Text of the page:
Oklahoma knows how to build champions, let’s do it in our schools: In Oklahoma, we aren’t building our team to be a champion. We have what it takes; we just refuse to deploy it to improve our team. When it comes to education, taking the long view means building Oklahoma’s education system that will ensure our kids succeed in life and in their careers, and in turn create a stronger Oklahoma. And while our team needs this investment to build a winner over time, our children don’t have time for us to delay the investment. [Adam Kupetsky/Tulsa World]

Wind industry tax credits about to blow away: In two weeks, all new wind projects will lose access to zero-emissions tax credits, and how that’s affecting the industry depends on the company. No companies have sent representatives to 23rd and Lincoln with pitchforks and torches in tow the way oil and gas companies did during the debate over raising gross production taxes on that industry. The bill that summoned an early sunset for wind’s tax breaks passed easily with very little political pushback, and that relative quiet continued after the legislative session. [Journal Record]

Building trust with Tulsa police started nearly a decade ago in this little-known city group: With Tulsa as part of the national discussion on how race intersects with law enforcement, residents wonder what leaders are doing to create partnerships. For nearly a decade, it’s been here — in this group. “We’ve shied away from seeking publicity for so long because we are not doing this to have our names in the paper,” Johnson said. “But, we all agree, it is in our interest that people know about us and let people know things are happening.” [Tulsa World]

What I learned in my first year in the Oklahoma Senate: Someone recently asked how being a college football coach compared to serving in the state Legislature. The answer is that of everything I have done before or since having a career as a coach, serving in the Senate during this past session probably tracked more closely with the skills, challenges and demands faced as a coach than any other career or job I’ve held. The intensity levels, the ability to adapt quickly to a situation, or rearrange a plan if necessary were all required as we moved through the last four months at the Capitol. [Sen. Dave Rader/Tulsa World]

Mike Fina speaks on the challenges and the future of Oklahoma cities: Oklahoma cities — much like the state — are in a financial crisis, says Mike Fina, the new head of the Oklahoma Municipal League. For cities, the crisis is largely due to their dependence on declining sales tax revenues, he said. Oklahoma is unique in that almost all municipal income is drawn from sales taxes. [NewsOK]

Oklahoma City Indian Clinic lands an Avon Breast Health Outreach grant: Breast cancer is a leading cause of death for Native American women. Over the last two decades, Oklahoma City Indian Clinic (OKCIC) has sought partnerships and grants in order prevent and treat this disease. Recently, OKCIC gained a new partner in its efforts to educate and screen more Native American women through the Avon Breast Health Outreach Program. [OK Gazette]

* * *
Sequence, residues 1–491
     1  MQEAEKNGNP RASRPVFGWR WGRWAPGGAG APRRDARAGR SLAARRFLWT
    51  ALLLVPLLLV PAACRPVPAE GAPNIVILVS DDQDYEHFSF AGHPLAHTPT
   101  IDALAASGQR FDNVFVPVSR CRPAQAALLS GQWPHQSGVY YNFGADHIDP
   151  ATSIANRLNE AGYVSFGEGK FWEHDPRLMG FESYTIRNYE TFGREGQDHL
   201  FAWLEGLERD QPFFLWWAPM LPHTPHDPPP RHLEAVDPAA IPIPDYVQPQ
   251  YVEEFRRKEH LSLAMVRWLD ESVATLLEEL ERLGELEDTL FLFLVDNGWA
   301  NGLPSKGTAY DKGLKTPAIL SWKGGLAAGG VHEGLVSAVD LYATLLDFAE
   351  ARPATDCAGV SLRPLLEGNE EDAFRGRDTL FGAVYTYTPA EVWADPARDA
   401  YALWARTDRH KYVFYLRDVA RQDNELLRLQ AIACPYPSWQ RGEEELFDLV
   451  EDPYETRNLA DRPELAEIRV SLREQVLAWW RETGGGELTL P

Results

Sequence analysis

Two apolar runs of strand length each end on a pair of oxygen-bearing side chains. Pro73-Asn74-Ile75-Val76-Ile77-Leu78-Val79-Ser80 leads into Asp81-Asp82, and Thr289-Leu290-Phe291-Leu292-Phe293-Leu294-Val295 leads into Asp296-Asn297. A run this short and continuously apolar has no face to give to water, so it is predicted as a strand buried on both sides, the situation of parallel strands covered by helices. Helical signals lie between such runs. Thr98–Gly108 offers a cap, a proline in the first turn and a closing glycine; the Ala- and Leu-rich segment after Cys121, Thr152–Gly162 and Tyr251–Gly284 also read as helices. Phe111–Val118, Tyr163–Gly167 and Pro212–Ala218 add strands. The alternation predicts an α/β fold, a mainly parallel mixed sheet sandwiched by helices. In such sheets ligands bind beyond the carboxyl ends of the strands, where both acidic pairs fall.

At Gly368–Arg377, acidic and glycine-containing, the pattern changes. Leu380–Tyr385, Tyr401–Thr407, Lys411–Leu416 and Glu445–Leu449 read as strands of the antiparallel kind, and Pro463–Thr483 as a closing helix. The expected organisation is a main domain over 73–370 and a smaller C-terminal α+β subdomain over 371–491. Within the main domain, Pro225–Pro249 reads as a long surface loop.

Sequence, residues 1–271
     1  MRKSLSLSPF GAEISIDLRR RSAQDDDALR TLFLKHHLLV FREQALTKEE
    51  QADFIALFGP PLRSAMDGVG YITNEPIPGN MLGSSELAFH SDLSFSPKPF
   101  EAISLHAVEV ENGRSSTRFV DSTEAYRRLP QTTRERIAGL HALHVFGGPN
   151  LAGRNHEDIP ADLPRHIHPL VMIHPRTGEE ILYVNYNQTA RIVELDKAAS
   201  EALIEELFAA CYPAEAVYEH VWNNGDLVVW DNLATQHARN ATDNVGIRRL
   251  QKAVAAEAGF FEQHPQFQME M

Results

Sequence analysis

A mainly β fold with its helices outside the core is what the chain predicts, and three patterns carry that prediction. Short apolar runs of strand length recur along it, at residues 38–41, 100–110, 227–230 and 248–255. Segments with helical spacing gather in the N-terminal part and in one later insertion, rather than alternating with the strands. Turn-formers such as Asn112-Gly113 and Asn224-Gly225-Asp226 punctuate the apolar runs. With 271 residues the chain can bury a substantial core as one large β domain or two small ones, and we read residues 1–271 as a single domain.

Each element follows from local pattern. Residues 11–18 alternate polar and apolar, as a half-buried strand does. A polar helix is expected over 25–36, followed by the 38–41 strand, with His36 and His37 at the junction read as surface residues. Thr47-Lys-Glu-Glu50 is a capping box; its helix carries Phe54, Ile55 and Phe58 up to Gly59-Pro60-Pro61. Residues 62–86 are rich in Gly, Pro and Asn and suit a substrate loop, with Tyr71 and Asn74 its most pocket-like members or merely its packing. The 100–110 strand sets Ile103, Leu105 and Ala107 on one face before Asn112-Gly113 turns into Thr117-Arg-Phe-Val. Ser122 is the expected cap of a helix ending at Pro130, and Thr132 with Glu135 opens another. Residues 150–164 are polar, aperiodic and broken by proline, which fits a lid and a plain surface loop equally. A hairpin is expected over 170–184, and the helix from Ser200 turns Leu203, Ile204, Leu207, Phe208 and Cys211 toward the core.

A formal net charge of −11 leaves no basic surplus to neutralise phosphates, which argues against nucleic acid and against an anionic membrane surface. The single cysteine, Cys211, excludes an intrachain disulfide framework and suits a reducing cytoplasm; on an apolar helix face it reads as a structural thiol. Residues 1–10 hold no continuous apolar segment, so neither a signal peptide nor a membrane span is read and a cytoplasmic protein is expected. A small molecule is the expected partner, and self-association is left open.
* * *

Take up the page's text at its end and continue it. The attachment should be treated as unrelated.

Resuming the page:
Airbnb to begin collecting taxes in Oklahoma: Airbnb will begin collecting state and local taxes on all applicable bookings in Oklahoma after reaching an agreement with the Oklahoma Tax Commission. Founded in 2008, Airbnb is a community-driven hospitality company which allows customers to book stays online in a variety of listing types with over 3 million listings in 191 countries. Beginning July 1, Airbnb will collect a 4.5 percent state sales tax in addition to collecting local lodging and city taxes in Oklahoma, the company said. [The Oklahoman]

Quote of the Day

“I was very disappointed. There is a lot of expense in criminal justice. We spent $1.3 billion this year on prisons, and we are incarcerating so many people – a majority of them non-violent. I couldn’t believe those bills got hung up in committee and it kind of made everybody upset. Those bills could save us tens of millions of dollars in the coming years.”

-Sen. Dewayne Pemberton (R-Muskogee) speaking about the Criminal Justice Reform Task Force bills that did not pass the legislature this year (Source)

Number of the Day

$1.26 billion

How much Oklahoma’s FY 2018 appropriated budget is below the FY 2009 budget, adjusted for inflation.

Source: Oklahoma Policy Institute

See previous Numbers of the Day here.

Policy Note

America’s prisons are failing. Here’s how to make them work: Shirley Schmitt is no one’s idea of a dangerous criminal. She lived quietly on a farm in Iowa, raising horses and a daughter, until her husband died in 2006. Depressed and suffering from chronic pain, she started using methamphetamine. Unable to afford her habit, she and a group of friends started to make the drug, for their own personal use. She was arrested in 2012, underwent drug treatment, and has been sober ever since. She has never sold drugs for profit, but federal mandatory minimum rules, along with previous convictions for drug possession and livestock neglect, forced the judge to sentence her to ten years in prison. Each year she serves will cost taxpayers roughly $30,000—enough to pay the fees for three struggling students at the University of Iowa. When she gets out she could be old enough to draw a pension. [The Economist]